I must confess that it was hard to put this book down; but once I actually did, I realized, with some sadness, that there was not as much to like about it as I had originally thought.
The writing itself is truly wonderful: where it is witty, you laugh out loud, and the lovely phrasing evokes effectively the atmosphere of an English village that is resisting suburban sprawl. (The local post-mistress is Mrs. Norris reincarnated.)
Oddly enough, however, I found the main characters not fully convincing, especially Archie. He seems to display classic symptoms of bi-polar syndrome at times: He is very kind and sensitive one moment--the next he is morally obtuse.
Liza, on the other hand, begins the novel by seeming mature and well-balanced, becomes dissatisfied with her life, gains some additional confidence, then completely crashes when her affair with a silly twit sputters out.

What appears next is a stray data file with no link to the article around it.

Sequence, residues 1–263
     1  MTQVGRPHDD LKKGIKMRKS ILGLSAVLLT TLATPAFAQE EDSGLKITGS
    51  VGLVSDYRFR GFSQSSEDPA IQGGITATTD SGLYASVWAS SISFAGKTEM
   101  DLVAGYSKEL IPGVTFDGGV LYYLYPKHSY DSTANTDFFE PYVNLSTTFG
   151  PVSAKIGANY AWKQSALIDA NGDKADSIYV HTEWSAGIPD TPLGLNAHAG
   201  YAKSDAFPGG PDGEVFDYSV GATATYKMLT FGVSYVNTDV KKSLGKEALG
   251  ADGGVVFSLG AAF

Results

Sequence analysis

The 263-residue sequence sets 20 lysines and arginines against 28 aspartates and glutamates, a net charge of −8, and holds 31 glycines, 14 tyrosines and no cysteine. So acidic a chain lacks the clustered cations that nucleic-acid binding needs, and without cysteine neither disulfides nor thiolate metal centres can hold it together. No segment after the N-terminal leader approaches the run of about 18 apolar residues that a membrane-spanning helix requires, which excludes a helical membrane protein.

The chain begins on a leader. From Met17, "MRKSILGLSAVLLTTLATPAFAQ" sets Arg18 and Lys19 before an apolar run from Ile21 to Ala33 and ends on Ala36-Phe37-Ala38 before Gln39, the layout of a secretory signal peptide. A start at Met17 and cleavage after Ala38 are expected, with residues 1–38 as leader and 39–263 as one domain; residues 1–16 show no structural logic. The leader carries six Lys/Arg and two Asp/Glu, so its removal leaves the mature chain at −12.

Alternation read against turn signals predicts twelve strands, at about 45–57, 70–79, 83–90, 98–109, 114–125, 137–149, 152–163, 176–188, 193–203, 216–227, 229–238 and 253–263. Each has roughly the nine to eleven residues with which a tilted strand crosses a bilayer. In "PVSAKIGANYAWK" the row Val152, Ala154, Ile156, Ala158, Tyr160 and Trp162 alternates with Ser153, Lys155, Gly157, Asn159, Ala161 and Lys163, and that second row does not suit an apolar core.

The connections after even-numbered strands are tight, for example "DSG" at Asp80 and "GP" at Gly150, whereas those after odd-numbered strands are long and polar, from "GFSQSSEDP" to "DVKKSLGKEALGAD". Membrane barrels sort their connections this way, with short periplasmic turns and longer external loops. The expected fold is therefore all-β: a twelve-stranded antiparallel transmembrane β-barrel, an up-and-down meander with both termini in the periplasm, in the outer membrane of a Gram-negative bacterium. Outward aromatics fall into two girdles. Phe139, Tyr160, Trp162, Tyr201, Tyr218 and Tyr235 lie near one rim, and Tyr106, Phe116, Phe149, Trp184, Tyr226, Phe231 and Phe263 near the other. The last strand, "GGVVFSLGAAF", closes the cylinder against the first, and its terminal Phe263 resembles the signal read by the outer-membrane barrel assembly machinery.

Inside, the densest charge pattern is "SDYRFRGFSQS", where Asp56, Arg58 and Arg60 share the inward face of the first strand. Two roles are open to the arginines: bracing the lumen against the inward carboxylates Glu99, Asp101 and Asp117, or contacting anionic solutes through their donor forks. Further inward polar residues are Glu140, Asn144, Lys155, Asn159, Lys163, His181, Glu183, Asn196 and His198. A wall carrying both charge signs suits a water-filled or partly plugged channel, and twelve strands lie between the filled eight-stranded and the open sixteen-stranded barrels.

Marina seems charming and convincing until she allows her son-in-law to jump into bed with her; but surely she is far too sophisticated for this to be an unguarded acceptance. She must realize she is ruining her relationship with a family whom she has come to respect and love. Although she is generally kind and generous, this selfish act makes me think that no one but Austen's Mary Crawford (whom she so strongly resembles) might admire her.
Jane Austen herself, of course, is mentioned in the novel (or at least her tomb is); and while I suspect that she is not quite rolling beneath it as a result of The Passionate Man, she may have at least raised an ironical eyebrow.
For the humor and irony--the "exterior" qualifies--of Austen's works are reflected clearly in The Passionate Man; but Ms. Trollope's novel does seem to lack the inner foundation of Austen's novels, where her heroes and heroines' growing clarity in understanding both themselves and basic right and wrong is central. Mary Crawford didn't understand this.
Nor, apparently, does Archie; and one wonders what awaits him and his family in Scotland.